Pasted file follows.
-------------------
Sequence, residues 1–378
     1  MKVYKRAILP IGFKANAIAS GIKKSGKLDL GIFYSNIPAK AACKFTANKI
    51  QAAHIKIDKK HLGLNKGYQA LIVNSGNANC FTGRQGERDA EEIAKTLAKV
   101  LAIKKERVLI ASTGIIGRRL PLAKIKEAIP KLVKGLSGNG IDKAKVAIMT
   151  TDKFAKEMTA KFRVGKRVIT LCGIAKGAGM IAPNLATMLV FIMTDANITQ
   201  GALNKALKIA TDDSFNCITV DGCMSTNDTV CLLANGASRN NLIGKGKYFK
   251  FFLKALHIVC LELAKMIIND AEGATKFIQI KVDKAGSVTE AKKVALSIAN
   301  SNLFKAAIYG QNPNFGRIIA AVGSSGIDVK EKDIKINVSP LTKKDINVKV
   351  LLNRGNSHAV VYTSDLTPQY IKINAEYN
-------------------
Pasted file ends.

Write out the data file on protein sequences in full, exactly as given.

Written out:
Sequence, residues 1–378
     1  MKVYKRAILP IGFKANAIAS GIKKSGKLDL GIFYSNIPAK AACKFTANKI
    51  QAAHIKIDKK HLGLNKGYQA LIVNSGNANC FTGRQGERDA EEIAKTLAKV
   101  LAIKKERVLI ASTGIIGRRL PLAKIKEAIP KLVKGLSGNG IDKAKVAIMT
   151  TDKFAKEMTA KFRVGKRVIT LCGIAKGAGM IAPNLATMLV FIMTDANITQ
   201  GALNKALKIA TDDSFNCITV DGCMSTNDTV CLLANGASRN NLIGKGKYFK
   251  FFLKALHIVC LELAKMIIND AEGATKFIQI KVDKAGSVTE AKKVALSIAN
   301  SNLFKAAIYG QNPNFGRIIA AVGSSGIDVK EKDIKINVSP LTKKDINVKV
   351  LLNRGNSHAV VYTSDLTPQY IKINAEYN